Thursday, August 28, 2014
Based on a novel by Academy Award winner William Goldman (ALL THE PRESIDENT’S MEN), who also wrote the screenplay, HEAT should have been so much better than it is, but it’s tough to make a good movie when the star and director are punching each other in the face. It was also the beginning of Burt’s downhill slide as a leading man, and so HEAT feels small like a B-movie. It also feels shapeless and aimless, as though many scenes that would have held the story together were never shot. Which wouldn’t surprise me, considering the backstage woes.
Goldman creates parallel stories for Nick Escalante, the Las Vegas “chaperone” played by Reynolds and nicknamed “Mex.” Neither story is for high stakes. If you believe that a film should be about the biggest day in its protagonist’s life, Mex must be a dull boy. One story has him getting payback on a cocky young son (Neill Barry) of a Mafioso who roughed up his young hooker friend Holly (Karen Young). The same night he ends up in a warehouse throwing down with a bunch of Barry’s boys, Mex also teaches rich wimp Cyrus (Peter MacNicol) how to be a tough guy.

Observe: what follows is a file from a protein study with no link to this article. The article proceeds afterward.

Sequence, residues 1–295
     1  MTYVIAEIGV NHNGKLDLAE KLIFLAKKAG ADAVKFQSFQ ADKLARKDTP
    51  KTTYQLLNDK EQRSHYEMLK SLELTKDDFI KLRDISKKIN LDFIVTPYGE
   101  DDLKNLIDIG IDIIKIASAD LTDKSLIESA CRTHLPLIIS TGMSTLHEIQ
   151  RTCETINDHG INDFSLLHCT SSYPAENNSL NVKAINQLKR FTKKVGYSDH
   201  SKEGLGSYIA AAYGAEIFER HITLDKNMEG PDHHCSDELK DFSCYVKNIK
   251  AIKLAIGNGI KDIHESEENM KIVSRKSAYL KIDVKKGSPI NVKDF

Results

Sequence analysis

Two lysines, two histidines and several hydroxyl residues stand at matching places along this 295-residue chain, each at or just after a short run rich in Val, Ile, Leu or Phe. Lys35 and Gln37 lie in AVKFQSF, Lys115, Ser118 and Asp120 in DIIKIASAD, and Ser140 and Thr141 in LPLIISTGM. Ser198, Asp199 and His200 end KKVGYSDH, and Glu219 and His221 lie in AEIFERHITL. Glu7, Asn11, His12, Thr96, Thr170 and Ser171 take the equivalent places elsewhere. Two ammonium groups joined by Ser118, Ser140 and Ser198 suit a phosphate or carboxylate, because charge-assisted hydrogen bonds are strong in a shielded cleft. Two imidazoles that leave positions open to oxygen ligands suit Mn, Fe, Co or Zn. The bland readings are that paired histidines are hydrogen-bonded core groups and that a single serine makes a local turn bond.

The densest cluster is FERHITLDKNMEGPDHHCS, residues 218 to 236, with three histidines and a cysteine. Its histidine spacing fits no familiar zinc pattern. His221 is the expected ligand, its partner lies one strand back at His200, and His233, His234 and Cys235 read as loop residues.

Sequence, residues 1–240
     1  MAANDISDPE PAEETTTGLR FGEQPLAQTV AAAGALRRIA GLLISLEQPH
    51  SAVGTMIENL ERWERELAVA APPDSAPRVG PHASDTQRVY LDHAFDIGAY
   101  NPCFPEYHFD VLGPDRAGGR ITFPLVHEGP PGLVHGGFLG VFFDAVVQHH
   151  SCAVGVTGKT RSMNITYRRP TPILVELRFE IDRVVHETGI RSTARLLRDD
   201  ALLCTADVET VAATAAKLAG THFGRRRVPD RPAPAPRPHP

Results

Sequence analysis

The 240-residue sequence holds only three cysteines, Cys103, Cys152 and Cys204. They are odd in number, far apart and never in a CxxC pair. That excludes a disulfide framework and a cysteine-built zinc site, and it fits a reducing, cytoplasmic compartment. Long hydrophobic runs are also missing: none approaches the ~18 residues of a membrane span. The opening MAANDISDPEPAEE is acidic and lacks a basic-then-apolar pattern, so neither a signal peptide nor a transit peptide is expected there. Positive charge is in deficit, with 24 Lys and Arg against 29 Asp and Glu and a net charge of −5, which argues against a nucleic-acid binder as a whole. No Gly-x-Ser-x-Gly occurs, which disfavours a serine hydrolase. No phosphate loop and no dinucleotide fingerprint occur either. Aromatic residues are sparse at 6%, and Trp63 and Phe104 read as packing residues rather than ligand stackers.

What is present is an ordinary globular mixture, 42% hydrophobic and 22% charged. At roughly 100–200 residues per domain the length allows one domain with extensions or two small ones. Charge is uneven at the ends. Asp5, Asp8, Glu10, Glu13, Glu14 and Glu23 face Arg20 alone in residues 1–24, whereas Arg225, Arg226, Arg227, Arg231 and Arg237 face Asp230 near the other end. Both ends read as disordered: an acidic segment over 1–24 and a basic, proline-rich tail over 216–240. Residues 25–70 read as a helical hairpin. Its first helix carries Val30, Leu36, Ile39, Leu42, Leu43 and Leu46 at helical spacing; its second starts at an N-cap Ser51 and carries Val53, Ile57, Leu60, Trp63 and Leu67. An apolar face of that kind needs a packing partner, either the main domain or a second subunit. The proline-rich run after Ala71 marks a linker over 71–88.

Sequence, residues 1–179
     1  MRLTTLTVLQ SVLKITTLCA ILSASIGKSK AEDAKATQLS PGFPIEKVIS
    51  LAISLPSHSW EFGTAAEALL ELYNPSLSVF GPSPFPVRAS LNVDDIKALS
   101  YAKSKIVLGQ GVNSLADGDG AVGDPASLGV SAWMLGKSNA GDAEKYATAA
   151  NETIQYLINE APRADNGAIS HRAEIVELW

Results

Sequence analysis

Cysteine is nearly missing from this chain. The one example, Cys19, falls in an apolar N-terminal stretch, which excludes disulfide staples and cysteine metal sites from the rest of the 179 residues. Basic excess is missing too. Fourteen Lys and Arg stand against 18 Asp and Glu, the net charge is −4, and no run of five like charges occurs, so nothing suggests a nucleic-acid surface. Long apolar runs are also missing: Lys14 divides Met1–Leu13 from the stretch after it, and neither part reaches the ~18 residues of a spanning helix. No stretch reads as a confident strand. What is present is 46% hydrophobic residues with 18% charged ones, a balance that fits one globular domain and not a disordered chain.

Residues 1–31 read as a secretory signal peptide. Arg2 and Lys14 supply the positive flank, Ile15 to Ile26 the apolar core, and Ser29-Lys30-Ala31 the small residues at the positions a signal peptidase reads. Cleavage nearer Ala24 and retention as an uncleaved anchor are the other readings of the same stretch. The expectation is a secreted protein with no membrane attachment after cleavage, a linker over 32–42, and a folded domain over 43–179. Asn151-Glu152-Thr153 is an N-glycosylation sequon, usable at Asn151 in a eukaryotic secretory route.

Diana Scarwid pops in for a nothing role as a blackjack dealer, and Howard Hesseman is very good as a shyster attorney who shares an office with Mex. Both add considerably to the film, which doesn’t appear to know how to use them. Reynolds is just as terrific as he ever was, aging gracefully into a role that calls for a worldweariness that he hadn’t had to play up to that point in his career. Burt was still a movie star. It wasn’t his fault the pictures got small.